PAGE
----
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The word “tango” was used to describe the dance in 1890. Originally, the tango was a solo dance performed only by women and developed into a couples dance when it was styled by the Gauchos in Argentina.
It was referred to as “baile con corte” or “dance with a stop”. Tango spread throughout Europe in the 1900’s with the first big craze hitting Paris in 1912 after being introduced in the musical comedy “The Sunshine Girl”. Shortly after, the dance debuted in New York toward the end of 1913. With tango propagating, silent film star Rudolph Valentino popularized the distinctive style in the 1921 film “The Four Horsemen of the Apocalypse”. Due to economic depression, the desire for tango declined in the 1930’s and the 1950’s but has regained momentum in the 21st century with stage shows like Luis Bravo’s “Forever Tango” and Jason Gilkison’s “Burn the Floor”. In 2009, UNESCO, a specialized agency of the United Nations, declared tango part of the worlds “intangible cultural heritage”.
Tango has often been referred to as the “dancer’s dance” due to the fluidity of synchronized movements. Tango typically depicts a man pursuing a woman and her resistant response. Coupling graceful stalking movements with controlled staccato footwork, the tango is danced counter clockwise around the floor in a curving pattern. The passion is visible in the dance hold as the close embrace connects couples either at the chest or hip area. The style of tango is divided into three distinct disciplines: International Tango, American Tango and Argentine Tango. International Tango, also referred to as English Tango, is the globally recognized competitive version where the couples remain in closed dance position for duration of the dance. In 1922, the English developed a standardized version of tango in order to provide instruction in dance schools and give adjudicators a more objective means of picking champions. American Tango is viewed as the most simplified version but also the most ostentatious combining social steps with Argentine and Hollywood styles. American style demonstrates an open position so that dancers can execute underarm turns, alternate hand holds, dancing apart, and side-by-side choreography. Originating on the cobblestone streets in Buenos Aires, the Argentine Tango is seductive poetry in motion. This style is about the close embrace and the couple feeling the music and telling its story. The people of Argentina believe that tango is more than just a dance but a way of life.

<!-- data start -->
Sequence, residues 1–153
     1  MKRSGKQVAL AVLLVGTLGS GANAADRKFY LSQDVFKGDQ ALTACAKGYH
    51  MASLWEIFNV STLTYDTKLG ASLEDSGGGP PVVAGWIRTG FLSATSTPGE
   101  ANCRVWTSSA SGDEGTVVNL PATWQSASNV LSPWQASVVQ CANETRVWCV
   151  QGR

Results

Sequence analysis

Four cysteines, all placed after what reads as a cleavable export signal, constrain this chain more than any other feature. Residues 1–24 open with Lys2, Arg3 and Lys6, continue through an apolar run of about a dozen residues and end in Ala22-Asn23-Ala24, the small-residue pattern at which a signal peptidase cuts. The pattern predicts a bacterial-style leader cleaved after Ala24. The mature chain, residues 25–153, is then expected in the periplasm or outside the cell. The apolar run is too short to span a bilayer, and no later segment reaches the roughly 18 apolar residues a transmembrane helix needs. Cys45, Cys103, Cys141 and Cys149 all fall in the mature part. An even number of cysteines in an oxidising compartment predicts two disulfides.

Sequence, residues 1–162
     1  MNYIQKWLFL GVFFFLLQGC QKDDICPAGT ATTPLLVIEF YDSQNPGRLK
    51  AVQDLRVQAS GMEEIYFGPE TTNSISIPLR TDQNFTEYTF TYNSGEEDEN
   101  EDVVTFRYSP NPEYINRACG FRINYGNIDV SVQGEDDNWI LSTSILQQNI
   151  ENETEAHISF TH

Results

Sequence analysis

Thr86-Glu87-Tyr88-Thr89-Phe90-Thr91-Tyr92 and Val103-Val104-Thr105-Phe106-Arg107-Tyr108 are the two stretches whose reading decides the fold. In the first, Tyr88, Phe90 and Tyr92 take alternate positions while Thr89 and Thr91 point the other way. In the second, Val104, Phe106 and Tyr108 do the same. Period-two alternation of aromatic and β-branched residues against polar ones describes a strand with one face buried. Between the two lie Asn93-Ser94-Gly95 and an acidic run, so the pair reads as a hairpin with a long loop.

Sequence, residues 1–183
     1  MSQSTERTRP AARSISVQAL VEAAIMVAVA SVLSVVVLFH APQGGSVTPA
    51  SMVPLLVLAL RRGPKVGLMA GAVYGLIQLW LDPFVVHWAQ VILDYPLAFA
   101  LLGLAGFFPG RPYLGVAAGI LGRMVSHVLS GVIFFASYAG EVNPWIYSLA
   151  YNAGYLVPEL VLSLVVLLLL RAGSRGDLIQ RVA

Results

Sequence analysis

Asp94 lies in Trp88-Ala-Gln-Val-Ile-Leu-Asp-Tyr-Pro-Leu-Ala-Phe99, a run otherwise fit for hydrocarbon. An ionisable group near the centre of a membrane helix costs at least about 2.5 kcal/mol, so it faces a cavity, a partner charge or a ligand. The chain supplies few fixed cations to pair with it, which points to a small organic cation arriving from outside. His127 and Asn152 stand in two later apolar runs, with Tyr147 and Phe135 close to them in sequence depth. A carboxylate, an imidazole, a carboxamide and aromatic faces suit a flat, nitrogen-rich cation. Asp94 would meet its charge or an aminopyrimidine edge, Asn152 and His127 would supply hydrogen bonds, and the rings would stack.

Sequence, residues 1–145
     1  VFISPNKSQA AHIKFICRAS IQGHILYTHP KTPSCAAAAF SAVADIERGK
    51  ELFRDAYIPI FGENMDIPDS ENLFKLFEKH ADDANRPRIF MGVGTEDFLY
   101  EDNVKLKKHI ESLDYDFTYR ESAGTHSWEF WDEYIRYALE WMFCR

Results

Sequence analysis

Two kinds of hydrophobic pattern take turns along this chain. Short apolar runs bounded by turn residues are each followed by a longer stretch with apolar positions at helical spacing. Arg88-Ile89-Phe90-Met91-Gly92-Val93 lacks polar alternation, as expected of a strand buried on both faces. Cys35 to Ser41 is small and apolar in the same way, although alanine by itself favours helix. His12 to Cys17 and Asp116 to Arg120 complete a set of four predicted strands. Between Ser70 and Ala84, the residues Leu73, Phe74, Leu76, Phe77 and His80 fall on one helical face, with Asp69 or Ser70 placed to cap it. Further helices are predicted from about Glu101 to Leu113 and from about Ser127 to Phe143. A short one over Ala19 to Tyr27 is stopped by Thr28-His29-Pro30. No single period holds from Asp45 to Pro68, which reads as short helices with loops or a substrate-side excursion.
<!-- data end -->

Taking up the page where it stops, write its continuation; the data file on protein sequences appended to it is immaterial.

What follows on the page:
Tango music is very repetitive and characterized by a unique rhythm and distinct phrases. Commonly, step patterns are constructed in counts of eight to simplify phrasing. Since a variety of tango timings are used the greatest challenge is to blend patterns in a way that phrases with the music. The time signature for tango is either 2/4 or 4/4 and usually written in 16 or 32 beats. Speeds for tango vary depending on the style but a general reference would be 30 to 33 measures per minute for American Tango, 32 to 34 measures per minute for International Tango and 28 to 32 measures per minute for Argentine Tango.